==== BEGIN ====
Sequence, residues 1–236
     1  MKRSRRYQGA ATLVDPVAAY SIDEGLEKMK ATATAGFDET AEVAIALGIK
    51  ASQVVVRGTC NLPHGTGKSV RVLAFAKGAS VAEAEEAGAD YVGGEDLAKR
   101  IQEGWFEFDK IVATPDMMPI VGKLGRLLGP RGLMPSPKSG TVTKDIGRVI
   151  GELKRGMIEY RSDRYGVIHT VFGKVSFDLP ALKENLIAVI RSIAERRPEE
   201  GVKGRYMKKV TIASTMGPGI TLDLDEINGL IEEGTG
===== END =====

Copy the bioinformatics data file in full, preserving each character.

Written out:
Sequence, residues 1–236
     1  MKRSRRYQGA ATLVDPVAAY SIDEGLEKMK ATATAGFDET AEVAIALGIK
    51  ASQVVVRGTC NLPHGTGKSV RVLAFAKGAS VAEAEEAGAD YVGGEDLAKR
   101  IQEGWFEFDK IVATPDMMPI VGKLGRLLGP RGLMPSPKSG TVTKDIGRVI
   151  GELKRGMIEY RSDRYGVIHT VFGKVSFDLP ALKENLIAVI RSIAERRPEE
   201  GVKGRYMKKV TIASTMGPGI TLDLDEINGL IEEGTG